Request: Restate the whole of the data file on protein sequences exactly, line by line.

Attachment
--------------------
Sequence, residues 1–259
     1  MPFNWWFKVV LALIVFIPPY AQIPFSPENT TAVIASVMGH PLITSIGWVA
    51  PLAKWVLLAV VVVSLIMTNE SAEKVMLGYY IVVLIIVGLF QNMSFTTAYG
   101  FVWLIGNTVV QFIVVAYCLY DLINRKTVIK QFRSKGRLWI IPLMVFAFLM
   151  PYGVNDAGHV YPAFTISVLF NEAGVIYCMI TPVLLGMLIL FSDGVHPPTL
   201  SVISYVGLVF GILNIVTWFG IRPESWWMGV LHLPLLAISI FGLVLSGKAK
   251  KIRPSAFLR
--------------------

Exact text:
Sequence, residues 1–259
     1  MPFNWWFKVV LALIVFIPPY AQIPFSPENT TAVIASVMGH PLITSIGWVA
    51  PLAKWVLLAV VVVSLIMTNE SAEKVMLGYY IVVLIIVGLF QNMSFTTAYG
   101  FVWLIGNTVV QFIVVAYCLY DLINRKTVIK QFRSKGRLWI IPLMVFAFLM
   151  PYGVNDAGHV YPAFTISVLF NEAGVIYCMI TPVLLGMLIL FSDGVHPPTL
   201  SVISYVGLVF GILNIVTWFG IRPESWWMGV LHLPLLAISI FGLVLSGKAK
   251  KIRPSAFLR